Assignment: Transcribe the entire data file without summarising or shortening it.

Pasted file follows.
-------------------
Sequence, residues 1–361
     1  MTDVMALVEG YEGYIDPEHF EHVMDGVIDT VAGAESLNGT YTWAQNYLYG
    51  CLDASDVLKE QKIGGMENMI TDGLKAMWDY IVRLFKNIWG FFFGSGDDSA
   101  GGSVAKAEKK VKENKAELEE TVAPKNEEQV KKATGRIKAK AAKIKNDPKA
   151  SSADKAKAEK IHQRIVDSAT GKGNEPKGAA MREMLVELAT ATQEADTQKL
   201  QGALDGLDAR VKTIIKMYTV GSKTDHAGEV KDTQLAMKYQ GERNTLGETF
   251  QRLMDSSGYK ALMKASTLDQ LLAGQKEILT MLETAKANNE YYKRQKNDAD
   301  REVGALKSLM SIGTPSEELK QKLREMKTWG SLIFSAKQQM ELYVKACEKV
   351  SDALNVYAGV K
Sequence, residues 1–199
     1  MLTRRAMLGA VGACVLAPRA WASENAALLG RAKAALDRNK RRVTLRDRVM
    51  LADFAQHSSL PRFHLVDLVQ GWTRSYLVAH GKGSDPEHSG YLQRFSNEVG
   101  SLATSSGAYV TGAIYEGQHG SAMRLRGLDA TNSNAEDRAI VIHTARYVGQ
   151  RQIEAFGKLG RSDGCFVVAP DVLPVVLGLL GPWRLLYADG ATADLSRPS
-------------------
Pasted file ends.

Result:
Sequence, residues 1–361
     1  MTDVMALVEG YEGYIDPEHF EHVMDGVIDT VAGAESLNGT YTWAQNYLYG
    51  CLDASDVLKE QKIGGMENMI TDGLKAMWDY IVRLFKNIWG FFFGSGDDSA
   101  GGSVAKAEKK VKENKAELEE TVAPKNEEQV KKATGRIKAK AAKIKNDPKA
   151  SSADKAKAEK IHQRIVDSAT GKGNEPKGAA MREMLVELAT ATQEADTQKL
   201  QGALDGLDAR VKTIIKMYTV GSKTDHAGEV KDTQLAMKYQ GERNTLGETF
   251  QRLMDSSGYK ALMKASTLDQ LLAGQKEILT MLETAKANNE YYKRQKNDAD
   301  REVGALKSLM SIGTPSEELK QKLREMKTWG SLIFSAKQQM ELYVKACEKV
   351  SDALNVYAGV K
Sequence, residues 1–199
     1  MLTRRAMLGA VGACVLAPRA WASENAALLG RAKAALDRNK RRVTLRDRVM
    51  LADFAQHSSL PRFHLVDLVQ GWTRSYLVAH GKGSDPEHSG YLQRFSNEVG
   101  SLATSSGAYV TGAIYEGQHG SAMRLRGLDA TNSNAEDRAI VIHTARYVGQ
   151  RQIEAFGKLG RSDGCFVVAP DVLPVVLGLL GPWRLLYADG ATADLSRPS